Sure, it’s just another race… Who you trying to fool, Sebastian, Christian, Adrian, et al?!
The 2013 Formula 1 Indian Grand Prix – Sebastian Vettel having steamrolled his way to an opposition-crushing Suzuka win two weeks previously – is going to be about one thing and one thing only: the three-times world champion claiming his fourth.
Of course hype, hyperbole, fanfare and fuss are what a title-deciding grand prix are all about, and the Buddh International Circuit is the stage for what will inevitably come to pass.
The main man is constantly in demand but tricky to snare. Television crews – overstaffed and all over the place – rush in marauding gangs to and fro, chasing anyone who might offer a sound bite, opinion or story on our champion-elect.
For me and the other 50 or so photographers present, the weekend’s preliminary events are covered as usual – pits, people, pretties, grid girls, track action and sponsors. All well and good contract-fulfilling coverage, but there’s only one shoot that matters: Sunday at 16:32.
“What you gonna do, Darren?” “Where you going, Steve?” “Tommo, where’s the celebration shot gonna be?” In the photographers’ section of the media centre, questions fly this way and that. Answers – understandably – are a little less forthcoming. Just as with the teams, Formula 1’s competitive little environment engenders a somewhat secretive mindset among the top players; all of us are keen to keep something back, but willing to give kudos and respect – grudgingly – to the guy who nails the shot.
My advice to one edgy freelance colleague is not to over-think what may transpire; rather be ready to react, quick on the draw and creative in thought.
Three laps to go and it’s crunch time. Dropping off my 600mm lens at McLaren, I head to the queue of nervy lens men corralled in a tunnel directly below the podium. Shuffling forward, I steal a few feet past my rivals…
Go, go, go. The gates are pulled open and like a swarm of marauding ants we spill out into the pit lane. Some guys go right to the Parc Fermé fence, some straight ahead towards the pit wall, a few to the left and running to the Red Bull box. Shunning both, I’m going to gamble.
Deciding on a rear three-quarter Parc Fermé shot of Sebastian standing on his car, I take a position at the front of Sauber’s pit.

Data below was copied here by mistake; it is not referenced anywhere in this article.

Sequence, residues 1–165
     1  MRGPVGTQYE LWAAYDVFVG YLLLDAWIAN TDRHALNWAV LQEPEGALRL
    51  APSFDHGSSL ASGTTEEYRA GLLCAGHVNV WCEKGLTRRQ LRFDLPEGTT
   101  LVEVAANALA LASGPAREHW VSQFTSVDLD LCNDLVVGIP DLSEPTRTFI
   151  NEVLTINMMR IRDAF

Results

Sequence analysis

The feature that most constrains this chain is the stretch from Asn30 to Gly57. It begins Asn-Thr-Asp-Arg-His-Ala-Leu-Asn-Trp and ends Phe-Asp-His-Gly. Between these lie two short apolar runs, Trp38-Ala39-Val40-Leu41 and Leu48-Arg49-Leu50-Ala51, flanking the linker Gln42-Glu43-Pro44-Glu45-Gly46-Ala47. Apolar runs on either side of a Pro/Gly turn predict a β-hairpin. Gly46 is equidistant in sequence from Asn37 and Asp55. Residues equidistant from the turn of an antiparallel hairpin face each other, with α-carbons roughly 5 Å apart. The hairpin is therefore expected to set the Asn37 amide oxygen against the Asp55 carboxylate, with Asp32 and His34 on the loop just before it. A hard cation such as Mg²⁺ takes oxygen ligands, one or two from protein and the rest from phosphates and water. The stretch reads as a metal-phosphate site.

“You can’t stand zere, zis is OUR garage, GET OUT.” In their typically charming way the Swiss German-speaking also-rans make it quite clear I’m not welcome.
So it’s into the pit lane I head, now a little at a loss as to where to go. “Come on, Darren, think, stay calm, what shall I do, think, think, think,” a thousand thoughts, but a decision has to be made.
Smoke, screeching, engine roaring… Christ, he’s doin’ donuts!
Leaping onto the grass, I sprint towards a gap in the pit wall fence. A hapless local making for the same two-feet-wide gap is grabbed, pulled back and told to make way.
There’s the RB9. A pirouetting grey shadow in a pall of blue/grey smoke billowing from the violently spinning Pirelli P Zeros.
Through the viewfinder I can see nothing, white-out. The smoke starts to clear and our hero climbs from his car. Focus, compose, shoot. Sebastian stands atop his ride hailing the excitedly cheering, screaming, clapping and waving crowd; an iconic image captured.
Podium celebrations quickly follow, interviews for journalists and TV understandably taking an age.
In recent years post-win celebration photos have become the norm and, dare I say, a little predictable and dull. When middle-of-the-field teams demand champagne-spraying gatherings in celebration of minor points-scoring finishes, one knows things are getting ridiculous.
World championship-winning celebrations are, of course, an entirely different and wholly worthwhile affair.
Here he comes, Seb’s on his way. To the right of the patiently waiting snappers, TV crews and hangers-on, a rapidly approaching throng of bright-light-waving, flash-gun-firing newsgatherers bears down with our champion in the eye of the storm.
Joined by the whole constructors’ championship-winning crew – sans Mark Webber of course – Red Bull’s in-house snapper takes control and it’s a winning shot for all.
More champagne spraying, Vettel is hoisted high, a melee of arms, elbows, cameras, flashes, shouting, pushing, jostling – chaos ensues.
Not for me…
Having quickly departed the throng, I take my shot through a 200mm lens 20 yards up pit lane.
Perhaps offering a glimpse of the calmness so common among great champions of our sport, Sebastian – seemingly oblivious to the anarchy all around him – looks to his left and with a contented, almost peaceful look on his face stares straight down the barrel of my lens.
Seconds later, as the picture displays on my camera’s screen, my shouts of joy at nailing such a unique shot are very loud and very proud!